May 5, 2014

Haulin' Water

I thought since my time in Newtok is winding down (so sad! can't believe it's almost done!) that I would finally write about something that is a common occurrence here in Newtok: 
hauling water.

Like you all probably know, Newtok does not have running water.  The school is the only building in the village that has it. After talking to other teachers in the school district, I realized Newtok is really the only village that does not have running water.
It's a joke among the teachers here that if you checked the box at the teacher's fair that you were okay with no running water then you automatically set yourself up to teach in Newtok. It's not really a joke actually….

There are many ways one can get water for their house. Some families here catch rain water - which Josh and I have been thinking about doing in Seward. Another way is that they go get blocks of ice or snow and leave it in a bucket to melt. And if it hasn't rained or there really isn't anymore ice like it is at this time they can go here:

and fill up.

Some teacher houses are lucky enough to have a water tank connected to their house. This allows them to do dishes normally with running water and allows one house to have a normal shower.
My house isn't that lucky.
I have to literally haul my water to my house that I will use on a day to day basis.
Now, if a husband is good for something, he definitely is good for hauling water back and forth.
All last semester, Joshua would try different ways of hauling as much water as he could.
The problem being: water is heavy!
We had a 5 gallon jug, but hauling that thing every other day was tiring.
So we found and collected some gallon juice jugs and a rope and VIOLA! 
We found our water hauling niche. 
So I have four almost all one gallon jugs tied with a rope.

With Joshua being gone, I can have these four jugs last me at least two days.
So usually I try to fill up on Monday, Wednesday, and Friday. 
All part of my weekly chores, right?!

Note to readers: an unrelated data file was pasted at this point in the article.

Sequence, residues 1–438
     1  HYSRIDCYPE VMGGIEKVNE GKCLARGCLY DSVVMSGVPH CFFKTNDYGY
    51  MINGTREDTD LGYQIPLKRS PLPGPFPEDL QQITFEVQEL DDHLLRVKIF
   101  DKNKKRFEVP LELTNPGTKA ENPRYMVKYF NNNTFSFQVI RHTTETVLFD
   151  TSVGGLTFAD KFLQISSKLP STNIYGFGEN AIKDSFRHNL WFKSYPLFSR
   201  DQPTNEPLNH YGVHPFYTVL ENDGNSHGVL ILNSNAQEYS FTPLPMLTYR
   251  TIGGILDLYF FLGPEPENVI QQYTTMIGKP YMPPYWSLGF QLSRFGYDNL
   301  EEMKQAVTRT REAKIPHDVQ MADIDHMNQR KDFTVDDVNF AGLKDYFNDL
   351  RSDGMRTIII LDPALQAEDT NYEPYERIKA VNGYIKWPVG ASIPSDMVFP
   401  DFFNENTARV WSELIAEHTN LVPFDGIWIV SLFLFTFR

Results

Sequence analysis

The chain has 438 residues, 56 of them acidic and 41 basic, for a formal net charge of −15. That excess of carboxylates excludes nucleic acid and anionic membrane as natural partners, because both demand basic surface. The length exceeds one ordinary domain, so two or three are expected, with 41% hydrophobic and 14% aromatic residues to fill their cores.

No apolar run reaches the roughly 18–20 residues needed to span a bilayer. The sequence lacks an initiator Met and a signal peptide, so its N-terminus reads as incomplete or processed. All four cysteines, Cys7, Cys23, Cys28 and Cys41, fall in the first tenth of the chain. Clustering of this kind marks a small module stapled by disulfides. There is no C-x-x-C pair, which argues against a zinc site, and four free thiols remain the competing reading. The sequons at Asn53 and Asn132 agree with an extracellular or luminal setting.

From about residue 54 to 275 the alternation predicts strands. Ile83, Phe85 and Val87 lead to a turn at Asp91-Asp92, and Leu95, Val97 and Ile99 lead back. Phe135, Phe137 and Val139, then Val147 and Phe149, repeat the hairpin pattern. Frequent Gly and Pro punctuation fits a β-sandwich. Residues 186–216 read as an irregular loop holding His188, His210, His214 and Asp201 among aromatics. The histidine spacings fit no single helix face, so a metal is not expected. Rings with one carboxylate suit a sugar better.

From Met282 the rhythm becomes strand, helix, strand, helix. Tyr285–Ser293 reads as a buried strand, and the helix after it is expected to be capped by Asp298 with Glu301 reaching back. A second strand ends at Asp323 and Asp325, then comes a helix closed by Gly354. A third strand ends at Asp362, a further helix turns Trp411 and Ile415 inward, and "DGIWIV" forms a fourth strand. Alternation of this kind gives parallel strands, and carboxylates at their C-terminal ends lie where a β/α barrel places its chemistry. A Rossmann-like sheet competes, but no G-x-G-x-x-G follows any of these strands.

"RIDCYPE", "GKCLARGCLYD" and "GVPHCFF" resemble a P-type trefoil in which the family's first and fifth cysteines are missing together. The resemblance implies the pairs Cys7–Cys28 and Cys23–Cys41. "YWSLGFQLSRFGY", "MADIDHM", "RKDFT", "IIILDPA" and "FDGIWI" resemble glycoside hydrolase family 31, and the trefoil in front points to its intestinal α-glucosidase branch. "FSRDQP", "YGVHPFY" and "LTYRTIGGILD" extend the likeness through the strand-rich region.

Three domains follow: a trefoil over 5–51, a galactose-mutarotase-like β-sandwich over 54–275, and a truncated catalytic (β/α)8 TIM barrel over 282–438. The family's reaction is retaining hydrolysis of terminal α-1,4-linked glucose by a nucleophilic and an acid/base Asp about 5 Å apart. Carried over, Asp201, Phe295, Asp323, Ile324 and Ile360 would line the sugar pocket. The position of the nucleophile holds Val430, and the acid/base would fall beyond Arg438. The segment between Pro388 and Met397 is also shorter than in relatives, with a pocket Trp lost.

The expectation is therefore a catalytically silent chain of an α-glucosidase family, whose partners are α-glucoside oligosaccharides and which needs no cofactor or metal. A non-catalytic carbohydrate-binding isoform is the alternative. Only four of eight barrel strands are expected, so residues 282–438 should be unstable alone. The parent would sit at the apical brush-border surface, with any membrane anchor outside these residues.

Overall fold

So I go every other day to get water.

Takes all my strength to carry them!

 When I finally haul them to the house, I store them in their dedicated space easily accessible between the fridge and the sink:

The best part is that these four jugs can fill up everything evenly. Let me explain…

With my smaller jug, it fills my filter perfectly. It fills it right to the brim. It couldn't be more perfect.

See what I mean?! It took some skill btw to pour water and take pictures. I patted myself on the back for these pictures.

So my smaller jug goes in my Pure water filter - that leaves me three jugs left.
Before I use my water to wash dishes, brush my teeth, wash my face, etc - I always boil the water. Reasons being: 1) it kills germs 2) hot water just feels better. Who wants to do the dishes or wash their face with cold water. Not me! 
So I boil the water in this pot:

I am able to use 1 1/2 jugs to fill this pot up. That means these three jugs gives me two pots full! 

Andddd, my pot fills up my "faucet" (my water cooler) perfectly.

It could not turn out better!
If there was a perfect way to haul water, we have found it!

So that is our water situation in Newtok.  In Seward, we do have running water, but Josh has opted to haul water as well. It is a hard habit to break! Except this time, we don't have to go to the school to get it. We go outside. 
Our water source in Seward is literally right out of the ground.
All semester, all I've heard about it is how amazing this water is, how it is completely different  than bottled water. I didn't believe him. I guess the saying is right - "Don't knock it 'til you try it!"
Joshua goes and fills up a container every week. With that water, he is able to put it in a pitcher to stick in the fridge to enjoy all week long!
Before our hike, Joshua told me to bring my water bottle and we would fill it up since it was on our way. 
It is literally a hose coming out of the ground.

I don't know if there is a more "natural" way to get water!

 Needless to say, I'm going to be spoiled in Seward. I'll have an actual shower in my house, hot water literally "running" out of a normal faucet, and a way to get water literally from a spring. Only 13 more days - but who's counting, right?! :)


  1. Hi Emily! Just caught up on some of your posts. Hoping I get to meet Sally the Subaru when we visit Alaska in July. After the cruise, we are staying on in Anchorage for another day or two. Writing to kids in Mt. Carmel was a very cool idea. Hmm, maybe I should look up some of those embarrassing adorable pictures. LOL Take care.

  2. Wow you have dedication! Thank you so much for sharing. When i go camping and have to haul my own water or pump it through a filter it seems like a bit of a hassle. But I know there are people who do it every day! You are no exception i can see. Thank you.

  3. Consumable water is very important, especially when you’re on a boat and far away from the nearest clean source. Anyway, it’s great to know that you were able to ration some water from places near you. How are things doing for you nowadays? Thanks for sharing!

    Verna Griffin @ AXEON Water Technologies